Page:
• Delta rocket to fly from California early Friday (Sighting Opportunity?)

    06/19/2008 10:20:22 PM PDT · by cabojoe · 14 replies · 200+ views
    Spaceflight Now ^ | 6-19-2008 | Justin Ray
    A joint American and European oceanography satellite designed to continue a growing legacy of monitoring changes in sea levels and the impacts on the global climate awaits an overnight blastoff Friday morning from California.
  • Has An Ocean Circulation Collapse Been Triggered?

    02/25/2008 3:49:50 PM PST · by blam · 71 replies · 175+ views
    Science Daily ^ | 2-25-2008 | Penn State
    Has An Ocean Circulation Collapse Been Triggered?Geoscientists warn that there can be a considerable delay between the triggering of a collapse of the North Atlantic meridional overturning circulation and the actual collapse. (Credit: iStockphoto/Emmanuelle Combaud) ScienceDaily (Feb. 25, 2008) — Predictions that the 21st century is safe from major circulation changes in the North Atlantic Ocean may not be as comforting as they seem, according to a Penn State researcher. "The Intergovernmental Panel on Climate Change concluded that it is very unlikely that the North Atlantic meridional overturning circulation (MOC) will collapse in the 21st century. They predict a probability...
  • BLACK-GOLD BLUES Discovery backs theory oil not 'fossil fuel'

    02/02/2008 1:52:27 AM PST · by Fred Nerks · 143 replies · 21,257+ views
    WND ^ | February 1, 2008 | By Jerome R. Corsi
    New evidence supports premise that Earth produces endless supply ------------------ A study published in Science Magazine today presents new evidence supporting the abiotic theory for the origin of oil, which asserts oil is a natural product the Earth generates constantly rather than a "fossil fuel" derived from decaying ancient forests and dead dinosaurs. The lead scientist on the study – Giora Proskurowski of the School of Oceanography at the University of Washington in Seattle – says the hydrogen-rich fluids venting at the bottom of the Atlantic Ocean in the Lost City Hydrothermal Field were produced by the abiotic synthesis of...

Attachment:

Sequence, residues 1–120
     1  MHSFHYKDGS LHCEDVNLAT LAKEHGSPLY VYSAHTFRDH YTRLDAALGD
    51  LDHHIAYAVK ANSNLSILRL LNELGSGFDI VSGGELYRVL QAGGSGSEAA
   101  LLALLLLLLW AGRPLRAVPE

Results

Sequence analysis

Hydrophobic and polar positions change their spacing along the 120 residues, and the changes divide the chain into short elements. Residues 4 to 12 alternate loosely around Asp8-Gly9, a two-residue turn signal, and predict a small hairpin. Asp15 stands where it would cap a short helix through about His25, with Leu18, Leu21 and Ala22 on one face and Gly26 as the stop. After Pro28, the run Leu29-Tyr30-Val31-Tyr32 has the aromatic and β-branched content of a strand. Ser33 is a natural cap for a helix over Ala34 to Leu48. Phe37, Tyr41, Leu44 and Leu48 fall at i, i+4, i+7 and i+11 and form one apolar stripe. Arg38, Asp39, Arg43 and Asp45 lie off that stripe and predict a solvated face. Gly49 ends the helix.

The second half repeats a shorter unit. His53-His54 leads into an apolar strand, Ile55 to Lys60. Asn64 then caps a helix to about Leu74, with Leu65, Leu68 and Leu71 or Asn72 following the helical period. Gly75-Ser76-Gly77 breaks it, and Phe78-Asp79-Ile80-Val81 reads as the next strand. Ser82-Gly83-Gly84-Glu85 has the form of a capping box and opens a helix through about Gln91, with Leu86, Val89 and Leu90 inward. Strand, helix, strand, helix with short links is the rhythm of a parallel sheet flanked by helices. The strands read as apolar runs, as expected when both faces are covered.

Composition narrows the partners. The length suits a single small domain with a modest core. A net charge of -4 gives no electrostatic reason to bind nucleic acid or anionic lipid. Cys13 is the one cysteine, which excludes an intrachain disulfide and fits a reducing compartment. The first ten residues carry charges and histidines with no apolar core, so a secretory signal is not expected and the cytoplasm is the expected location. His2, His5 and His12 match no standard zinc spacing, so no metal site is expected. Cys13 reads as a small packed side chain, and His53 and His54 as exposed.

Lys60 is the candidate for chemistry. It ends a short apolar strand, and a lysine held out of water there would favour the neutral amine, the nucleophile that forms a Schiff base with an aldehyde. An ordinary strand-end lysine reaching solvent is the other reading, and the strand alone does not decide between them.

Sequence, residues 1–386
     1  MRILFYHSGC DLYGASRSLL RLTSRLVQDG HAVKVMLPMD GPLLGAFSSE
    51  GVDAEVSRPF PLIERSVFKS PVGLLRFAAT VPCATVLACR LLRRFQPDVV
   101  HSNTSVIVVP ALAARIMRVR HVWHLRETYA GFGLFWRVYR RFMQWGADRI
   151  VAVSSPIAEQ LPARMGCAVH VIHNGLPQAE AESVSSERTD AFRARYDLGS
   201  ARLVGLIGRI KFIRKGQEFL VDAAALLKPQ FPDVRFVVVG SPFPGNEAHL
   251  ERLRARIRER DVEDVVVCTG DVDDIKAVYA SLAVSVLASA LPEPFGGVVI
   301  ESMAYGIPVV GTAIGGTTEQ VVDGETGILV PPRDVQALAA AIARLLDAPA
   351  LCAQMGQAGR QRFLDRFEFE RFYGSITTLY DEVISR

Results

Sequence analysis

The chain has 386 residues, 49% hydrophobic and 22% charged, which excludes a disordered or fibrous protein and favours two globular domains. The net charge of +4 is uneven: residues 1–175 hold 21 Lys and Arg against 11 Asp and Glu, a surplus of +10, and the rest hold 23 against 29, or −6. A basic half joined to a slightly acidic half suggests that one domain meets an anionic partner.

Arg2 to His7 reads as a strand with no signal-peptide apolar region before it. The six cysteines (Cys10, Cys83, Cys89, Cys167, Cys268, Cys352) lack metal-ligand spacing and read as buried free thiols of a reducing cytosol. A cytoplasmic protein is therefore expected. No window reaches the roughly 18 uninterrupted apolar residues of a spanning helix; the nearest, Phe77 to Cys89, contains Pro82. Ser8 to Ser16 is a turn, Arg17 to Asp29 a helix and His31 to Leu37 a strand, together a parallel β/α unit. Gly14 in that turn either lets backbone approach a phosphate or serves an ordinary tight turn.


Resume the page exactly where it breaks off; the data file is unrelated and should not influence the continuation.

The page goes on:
• Walruses die; global warming blamed

    12/14/2007 12:13:29 PM PST · by NormsRevenge · 48 replies · 220+ views
    AP on Yahoo ^ | 12/14/07 | Dan Joling - ap
    ANCHORAGE, Alaska - In what some scientists see as another alarming consequence of global warming, thousands of Pacific walruses above the Arctic Circle were killed in stampedes earlier this year after the disappearance of sea ice caused them to crowd onto the shoreline in extraordinary numbers. The deaths took place during the late summer and fall on the Russian side of the Bering Strait, which separates Alaska from Russia. "It was a pretty sobering year — tough on walruses," said Joel Garlach-Miller, a walrus expert for the U.S. Fish and Wildlife Service. Unlike seals, walruses cannot swim indefinitely. The giant,...
  • Biologist fired for beliefs, suit says (Fired for belief in Creationism)

    12/08/2007 8:24:31 PM PST · by AKSurprise · 169 replies · 437+ views ^ | 12/07/07 | Beth Daley
    "The battle between science and creationism has reached the prestigious Woods Hole Oceanographic Institution, where a former researcher is claiming he was fired because he doesn't believe in evolution. Nathaniel Abraham filed a lawsuit earlier this week in US District Court in Boston saying that the Cape Cod research center dismissed him in 2004 because of his Christian belief that the Bible presents a true account of human creation. Abraham, who is seeking $500,000 in compensation for a violation of his civil rights, says in the suit that he lost his job as a postdoctoral researcher in a biology lab...